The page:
The classic fetch quest is a staple of gaming, typically found in RPGs that want to pad out their length by sending players scurrying back and forth carrying useless tat. In the case of Death Stranding however, the entire game is a seemingly never-ending series of fetch quests. It’s like Kojima only just discovered them, and after completing a few in other games branded them the greatest thing in the history of videogames ever and built an entire new game around them. As Sam Porter Bridges you are a courier, tasked with lugging cargo of all types across a bleak post-apocolyptic world where the majority of people are hunkered down in bunkers. Chiral printing lets them create a lot of what they need, but there’s also a lot of stuff that still needs to be transported the good old fashioned way: on Sam’s back. In this 40+ hour game the majority of your time will be spent going back and forth, delivering parcels. Exactly how something so utterly boring wound up being so utterly absorbing is a mystery.
We live in a time where all sorts of games are getting a chance to be remastered, remade or even to get a sequel. Some make sense, and some are genuinely surprising choices. I’d say Destroy All Humans is the second one. Originally released in 2005 it did […]
The Internet is never short on people going back and forth over games. However, the release of The Last of Us Part 2 might be the most divided and chaotic I’ve ever seen, with what feels like an all-out war raging between critics and gamers, and between gamers and gamers. Few games have ever warranted this much conversation, some of it healthy and some of it outright horrid. Its even got to the point where one of the game’s actors received threats, which is disgusting. So, I’m going to attempt to coral my thoughts and feelings about The Last of Us Part 2 into some semblance of coherence in the next 4,000+ words. Yup, it’s going to be a long one, folks.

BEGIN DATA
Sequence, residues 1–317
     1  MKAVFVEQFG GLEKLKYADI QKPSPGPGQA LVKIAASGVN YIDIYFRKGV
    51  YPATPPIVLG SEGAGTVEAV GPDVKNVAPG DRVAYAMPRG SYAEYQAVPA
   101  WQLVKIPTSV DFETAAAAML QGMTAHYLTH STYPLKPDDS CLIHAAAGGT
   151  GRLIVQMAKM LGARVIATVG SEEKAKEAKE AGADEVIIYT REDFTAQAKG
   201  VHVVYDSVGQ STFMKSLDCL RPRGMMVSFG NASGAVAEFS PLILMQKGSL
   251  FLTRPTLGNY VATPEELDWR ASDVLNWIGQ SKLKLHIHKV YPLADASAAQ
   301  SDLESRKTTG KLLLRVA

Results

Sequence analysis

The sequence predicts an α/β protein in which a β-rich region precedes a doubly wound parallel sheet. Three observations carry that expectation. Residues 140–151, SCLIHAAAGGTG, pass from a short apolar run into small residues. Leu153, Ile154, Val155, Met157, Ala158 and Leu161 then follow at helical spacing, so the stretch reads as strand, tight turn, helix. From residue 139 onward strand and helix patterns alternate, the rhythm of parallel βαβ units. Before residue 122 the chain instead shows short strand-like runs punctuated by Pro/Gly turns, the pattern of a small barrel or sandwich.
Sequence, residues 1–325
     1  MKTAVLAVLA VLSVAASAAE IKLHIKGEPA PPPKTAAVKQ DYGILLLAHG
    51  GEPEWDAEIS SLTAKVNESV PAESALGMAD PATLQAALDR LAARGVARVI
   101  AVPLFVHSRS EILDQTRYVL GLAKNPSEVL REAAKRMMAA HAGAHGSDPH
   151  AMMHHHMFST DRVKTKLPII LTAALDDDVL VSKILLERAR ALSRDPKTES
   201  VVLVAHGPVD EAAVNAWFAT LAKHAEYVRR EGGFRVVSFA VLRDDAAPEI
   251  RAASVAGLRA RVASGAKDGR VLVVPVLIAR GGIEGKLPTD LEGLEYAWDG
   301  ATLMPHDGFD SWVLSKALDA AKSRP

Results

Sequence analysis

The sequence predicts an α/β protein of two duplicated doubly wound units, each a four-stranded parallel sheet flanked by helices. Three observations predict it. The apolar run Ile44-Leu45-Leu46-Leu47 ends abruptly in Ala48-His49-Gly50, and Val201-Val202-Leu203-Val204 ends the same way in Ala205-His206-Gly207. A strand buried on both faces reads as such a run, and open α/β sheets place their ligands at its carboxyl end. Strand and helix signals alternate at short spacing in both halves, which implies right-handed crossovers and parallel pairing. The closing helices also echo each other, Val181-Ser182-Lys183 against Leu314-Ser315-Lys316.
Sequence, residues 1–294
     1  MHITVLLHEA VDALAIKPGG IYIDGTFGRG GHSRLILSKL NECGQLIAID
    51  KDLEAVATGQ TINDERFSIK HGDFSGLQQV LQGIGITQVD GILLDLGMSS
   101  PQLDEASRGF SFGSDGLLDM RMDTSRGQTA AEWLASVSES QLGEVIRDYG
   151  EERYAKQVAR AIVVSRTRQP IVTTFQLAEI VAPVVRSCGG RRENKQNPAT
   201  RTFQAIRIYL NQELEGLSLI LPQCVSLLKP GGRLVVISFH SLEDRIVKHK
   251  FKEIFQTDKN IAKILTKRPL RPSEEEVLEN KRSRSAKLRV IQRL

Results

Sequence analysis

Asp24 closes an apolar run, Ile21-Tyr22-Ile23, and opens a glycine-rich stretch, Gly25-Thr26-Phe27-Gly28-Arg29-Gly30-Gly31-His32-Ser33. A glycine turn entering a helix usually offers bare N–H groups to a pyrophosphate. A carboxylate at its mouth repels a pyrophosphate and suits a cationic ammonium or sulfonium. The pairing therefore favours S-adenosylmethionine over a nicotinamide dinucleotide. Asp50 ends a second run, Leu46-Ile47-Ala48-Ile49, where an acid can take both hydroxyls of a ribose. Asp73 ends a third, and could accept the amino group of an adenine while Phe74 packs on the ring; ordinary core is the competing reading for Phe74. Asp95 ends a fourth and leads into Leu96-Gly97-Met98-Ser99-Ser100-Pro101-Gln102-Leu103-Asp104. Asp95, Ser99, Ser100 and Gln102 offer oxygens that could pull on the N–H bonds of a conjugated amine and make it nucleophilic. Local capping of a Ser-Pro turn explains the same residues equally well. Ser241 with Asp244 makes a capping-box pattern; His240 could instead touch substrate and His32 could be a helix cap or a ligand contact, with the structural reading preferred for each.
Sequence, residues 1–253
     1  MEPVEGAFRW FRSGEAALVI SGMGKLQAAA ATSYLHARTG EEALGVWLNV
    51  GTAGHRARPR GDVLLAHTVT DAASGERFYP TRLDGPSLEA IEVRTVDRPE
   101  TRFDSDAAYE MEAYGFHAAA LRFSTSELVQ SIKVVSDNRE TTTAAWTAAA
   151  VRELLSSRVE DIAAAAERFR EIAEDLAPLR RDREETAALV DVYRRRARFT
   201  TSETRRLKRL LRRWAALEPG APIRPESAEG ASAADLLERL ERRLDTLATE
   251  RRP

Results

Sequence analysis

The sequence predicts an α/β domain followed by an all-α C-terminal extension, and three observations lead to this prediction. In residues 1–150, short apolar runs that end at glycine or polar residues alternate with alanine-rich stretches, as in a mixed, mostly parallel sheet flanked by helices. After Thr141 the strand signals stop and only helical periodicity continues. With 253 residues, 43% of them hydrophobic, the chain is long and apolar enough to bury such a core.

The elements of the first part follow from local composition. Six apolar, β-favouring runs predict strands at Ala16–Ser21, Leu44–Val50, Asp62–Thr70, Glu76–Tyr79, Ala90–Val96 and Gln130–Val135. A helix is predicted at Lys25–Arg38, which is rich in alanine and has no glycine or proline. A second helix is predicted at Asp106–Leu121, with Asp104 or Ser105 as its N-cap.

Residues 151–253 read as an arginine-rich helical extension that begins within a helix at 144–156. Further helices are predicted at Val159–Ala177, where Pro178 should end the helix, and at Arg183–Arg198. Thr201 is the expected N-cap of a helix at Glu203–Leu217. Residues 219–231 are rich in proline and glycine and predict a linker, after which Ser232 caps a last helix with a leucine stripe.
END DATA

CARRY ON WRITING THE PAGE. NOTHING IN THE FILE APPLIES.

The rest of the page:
So, we’ve managed to officially make it past the half-way points of this utterly crazy year. Putting aside all the madness, that means we’re half-way to the traditional Game of the Year lists where we can gush about the games we love, argue about what we didn’t and remind ourselves why our hobby is awesome. That’s another 6-months away though, and I’m impatient, so just like last year I’m going to do the best games of the year, so far.
Obviously the world has been a bit of a crazy place lately, so it’s hardly Codemasters’ fault that F1 2020 isn’t as authentic as last year’s game. A day one update will remove the Rokit sponsorship from the Williams car, but Mercedez sexy black livery is going to take a bit longer. And owing to the Formula 1 season starting four months late brand new tracks Zandvoort and Hanoi are in the game but won’t get seen in real-life until the 2021 season. Meanwhile, last minute changes to the calender mean circuits such as Mugello and Imola could potentially get used, neither of which are in the game. Exactly how Codemasters intend on handling all of this remains to be seen, but I think we can forgive the lack of authenticity this year, eh?
Assetto Corsa Competizione boasts the official Blancpain license, and that means you get to drive the wicked GT machines from the likes of McLaren, Porsche, Nissan and Audi. Meanwhile the selection of 11 tracks might sound too limiting but each one has been laser scanned and is thus about as accurate to real-life as we can get without actually driving around them in real-life. It also means you get sprint races, night racing and endurance events, all featuring the drivers from the real Blancpain series. Sim racing on console is a niche genre, so when a new game arrives it’s an exciting time.